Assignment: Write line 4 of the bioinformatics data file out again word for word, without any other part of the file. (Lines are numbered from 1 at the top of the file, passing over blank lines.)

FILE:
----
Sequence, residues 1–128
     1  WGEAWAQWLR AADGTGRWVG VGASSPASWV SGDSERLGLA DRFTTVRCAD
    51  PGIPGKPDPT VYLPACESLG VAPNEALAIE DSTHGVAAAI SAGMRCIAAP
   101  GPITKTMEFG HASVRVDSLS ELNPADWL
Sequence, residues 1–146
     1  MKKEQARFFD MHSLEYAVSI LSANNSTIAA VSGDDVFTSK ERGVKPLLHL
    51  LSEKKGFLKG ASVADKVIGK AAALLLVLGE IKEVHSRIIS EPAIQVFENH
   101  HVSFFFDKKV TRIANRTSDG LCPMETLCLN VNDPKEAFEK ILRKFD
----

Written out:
   101  GPITKTMEFG HASVRVDSLS ELNPADWL